Bennet finally got it right on behalf of his daughter Kitty but at the high cost of his youngest daughter Lydia’s dignity. He finally learned that certain privileges must be earned by a demonstration of an appreciation of what is needful. Until Kitty could prove that she could be sober minded for even ten minutes, she was not permitted to stir outdoors. Note well that the requirement was a precondition to function well in the reward that was before her. In other words, Kitty would not even be able to operate well outdoors unless she had learned to be sober minded indoors. In the like manner, is it really that unreasonable to strive to teach our Christian young people to have an appreciation and affection for the inner sanctum of the church prior to cutting them loose outdoors, to be “spiritual” in youth group? Let's not try to shortcut God's ways in an effort to know God better.

For a description of what a great youth group might look like, maybe take a peek here: http://www.modernreformation.org/default.php?page=articledisplay&var1=ArtRead&var2=720&var3=searchresults&var4=Search&var5=youth_group

Ron

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4 comments:

August said...

"Some will undoubtedly say, "Oh but Ron, we must meet our children where they are!" To which I would say, "No, we must teach our children where they must meet God!""

Very true, and applicable to everyone, not only the youth. I know the focus of this post was the youth, but many of the things you mention also apply to all people.

razzendahcuben said...

Pride and Prejudice... hmmm. Maybe I could get my mom and sister to read this blog.

Good post.

Anonymous said...

Ron:

This is common in the baptistic evangelical community. It has no place in the Reformed church, does it?

Steve

Ronald W. Di Giacomo said...

Steve,

Baptistic theology lends itself more to this sort of thing because as a general rule they have a low view of the Lord’s Supper and without question an unbiblical view of baptism and, therefore, the doctrine of the church. Moreover, typically speaking Baptists due to their tendencies toward independency and rugged individualism do not place as high a premium on the corporate aspect of grace that is imparted and received through Word, Sacrament and prayer, which are the primary ministries of the church. Indeed, the means of grace that too often take a back seat to church activities are the very necessary conditions for the church’s existence. Even with respect to the Word, Reformed confessions emphasize the preached word over and above personal devotions for reasons I won’t take time to expound upon. Let me just say that even personal devotions on a daily basis are not as essential to the Christian life as hearing good preaching every Sunday.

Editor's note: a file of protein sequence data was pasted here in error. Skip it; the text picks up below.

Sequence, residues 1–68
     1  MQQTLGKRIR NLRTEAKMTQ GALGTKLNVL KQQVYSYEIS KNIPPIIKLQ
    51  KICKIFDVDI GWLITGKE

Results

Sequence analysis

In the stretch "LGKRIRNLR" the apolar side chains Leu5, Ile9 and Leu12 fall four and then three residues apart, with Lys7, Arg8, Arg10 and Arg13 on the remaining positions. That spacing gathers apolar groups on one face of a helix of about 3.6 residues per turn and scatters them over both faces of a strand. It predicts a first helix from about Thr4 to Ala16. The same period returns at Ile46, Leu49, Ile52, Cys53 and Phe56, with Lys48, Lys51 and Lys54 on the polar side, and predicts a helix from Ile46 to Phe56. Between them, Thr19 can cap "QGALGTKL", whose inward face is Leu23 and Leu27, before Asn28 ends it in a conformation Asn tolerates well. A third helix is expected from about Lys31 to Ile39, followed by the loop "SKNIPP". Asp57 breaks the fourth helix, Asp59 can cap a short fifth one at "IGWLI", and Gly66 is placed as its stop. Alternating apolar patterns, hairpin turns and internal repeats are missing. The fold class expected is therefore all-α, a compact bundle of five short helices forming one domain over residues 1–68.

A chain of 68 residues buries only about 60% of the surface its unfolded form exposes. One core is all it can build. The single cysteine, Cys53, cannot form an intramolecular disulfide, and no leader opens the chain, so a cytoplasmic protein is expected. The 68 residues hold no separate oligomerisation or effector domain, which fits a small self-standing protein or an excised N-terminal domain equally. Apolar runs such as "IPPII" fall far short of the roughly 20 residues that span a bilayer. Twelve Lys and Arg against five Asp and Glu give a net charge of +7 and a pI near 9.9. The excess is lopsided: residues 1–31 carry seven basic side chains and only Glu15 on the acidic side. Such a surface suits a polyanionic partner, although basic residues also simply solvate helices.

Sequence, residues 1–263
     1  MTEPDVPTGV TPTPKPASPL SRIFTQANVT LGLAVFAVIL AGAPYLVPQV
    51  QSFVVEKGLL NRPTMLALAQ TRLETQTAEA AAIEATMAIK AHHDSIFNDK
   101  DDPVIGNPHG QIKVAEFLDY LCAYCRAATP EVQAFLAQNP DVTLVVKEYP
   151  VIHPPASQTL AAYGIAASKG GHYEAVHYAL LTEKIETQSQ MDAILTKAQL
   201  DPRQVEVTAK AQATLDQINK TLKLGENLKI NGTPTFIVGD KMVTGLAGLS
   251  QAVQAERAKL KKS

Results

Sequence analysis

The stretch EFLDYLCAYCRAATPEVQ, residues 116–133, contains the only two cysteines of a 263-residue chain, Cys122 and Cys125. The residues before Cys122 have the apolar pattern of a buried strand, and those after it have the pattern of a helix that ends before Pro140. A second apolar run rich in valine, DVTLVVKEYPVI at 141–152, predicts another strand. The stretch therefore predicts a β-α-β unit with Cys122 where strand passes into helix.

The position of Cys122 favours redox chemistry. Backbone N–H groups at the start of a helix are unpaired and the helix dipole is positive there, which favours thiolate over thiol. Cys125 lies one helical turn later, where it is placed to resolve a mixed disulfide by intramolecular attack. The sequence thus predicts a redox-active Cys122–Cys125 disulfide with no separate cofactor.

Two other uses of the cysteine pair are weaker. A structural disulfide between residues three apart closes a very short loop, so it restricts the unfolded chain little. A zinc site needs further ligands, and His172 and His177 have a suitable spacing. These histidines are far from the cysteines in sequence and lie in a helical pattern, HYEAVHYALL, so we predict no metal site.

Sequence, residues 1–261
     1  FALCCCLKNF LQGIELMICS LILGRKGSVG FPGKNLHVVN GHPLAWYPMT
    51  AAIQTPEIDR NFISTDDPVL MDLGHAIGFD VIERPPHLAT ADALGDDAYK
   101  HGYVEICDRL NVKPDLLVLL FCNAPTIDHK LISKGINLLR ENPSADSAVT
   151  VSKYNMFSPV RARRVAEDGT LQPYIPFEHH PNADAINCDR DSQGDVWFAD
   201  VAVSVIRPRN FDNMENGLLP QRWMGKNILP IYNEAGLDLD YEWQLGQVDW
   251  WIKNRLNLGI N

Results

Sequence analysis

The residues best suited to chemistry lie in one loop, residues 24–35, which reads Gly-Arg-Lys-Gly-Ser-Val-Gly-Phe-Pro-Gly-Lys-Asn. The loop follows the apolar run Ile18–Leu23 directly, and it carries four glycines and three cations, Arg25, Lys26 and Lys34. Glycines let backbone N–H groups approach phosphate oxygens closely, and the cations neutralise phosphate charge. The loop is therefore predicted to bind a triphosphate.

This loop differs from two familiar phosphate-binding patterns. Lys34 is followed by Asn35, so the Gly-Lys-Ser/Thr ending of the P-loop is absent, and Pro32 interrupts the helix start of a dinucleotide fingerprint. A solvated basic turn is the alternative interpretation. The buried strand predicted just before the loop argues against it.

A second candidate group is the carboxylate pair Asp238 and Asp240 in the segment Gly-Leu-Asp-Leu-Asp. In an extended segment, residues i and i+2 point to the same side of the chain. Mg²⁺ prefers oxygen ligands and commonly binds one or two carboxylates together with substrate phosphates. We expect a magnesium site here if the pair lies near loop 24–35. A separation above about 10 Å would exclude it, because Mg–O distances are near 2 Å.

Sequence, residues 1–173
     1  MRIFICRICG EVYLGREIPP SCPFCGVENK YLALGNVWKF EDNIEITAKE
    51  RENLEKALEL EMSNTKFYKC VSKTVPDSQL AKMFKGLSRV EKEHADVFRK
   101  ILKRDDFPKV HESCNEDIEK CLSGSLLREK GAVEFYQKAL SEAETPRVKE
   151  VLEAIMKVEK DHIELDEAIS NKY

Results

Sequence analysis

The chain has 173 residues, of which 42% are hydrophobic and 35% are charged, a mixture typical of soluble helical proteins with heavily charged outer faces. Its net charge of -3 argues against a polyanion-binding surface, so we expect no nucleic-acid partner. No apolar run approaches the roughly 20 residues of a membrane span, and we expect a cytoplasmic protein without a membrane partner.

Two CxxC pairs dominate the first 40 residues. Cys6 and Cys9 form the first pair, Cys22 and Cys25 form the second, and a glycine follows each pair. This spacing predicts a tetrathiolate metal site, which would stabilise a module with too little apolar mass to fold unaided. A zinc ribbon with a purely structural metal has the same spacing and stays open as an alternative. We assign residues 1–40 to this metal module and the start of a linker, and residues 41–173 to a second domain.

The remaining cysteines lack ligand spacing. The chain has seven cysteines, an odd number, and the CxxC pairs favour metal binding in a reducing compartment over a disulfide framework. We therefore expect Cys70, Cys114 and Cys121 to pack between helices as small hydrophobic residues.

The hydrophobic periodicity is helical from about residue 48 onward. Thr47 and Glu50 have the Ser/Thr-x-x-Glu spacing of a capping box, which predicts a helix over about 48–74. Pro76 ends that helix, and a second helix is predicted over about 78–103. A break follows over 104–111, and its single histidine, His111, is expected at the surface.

Too often we see people join churches based upon the quality of the choir or whether the church offers Christian Boy Scouts. There is often little or no consideration given to the doctrinal ministry of the church. Given such a low view of God’s means of appointment with respect to receiving Christ, hymn sings and pot luck dinners have replaced preaching, prayer and communion in many evangelical churches. Even Grudem places fellowship on par with the Sacraments and prayer as a means of grace.

Now to your point… Reformed standards embrace all of what is sound. It’s rather basic to Calvin and the Confessions to have a proper emphasis on the corporate means of grace. What I have in view is the general evangelical landscape but I can’t point fingers. Reformed churches struggle in this regard too. It saddens me greatly when people leave Reformed churches in order that their children can be part of a vibrant youth group. Accordingly, I think Reformed church’s must do better in this regard and offer fine youth groups where our youth can prosper in the Lord. With that in mind, let me refer you back to the link that will take you to the article first published in Modern Reformation.

Ron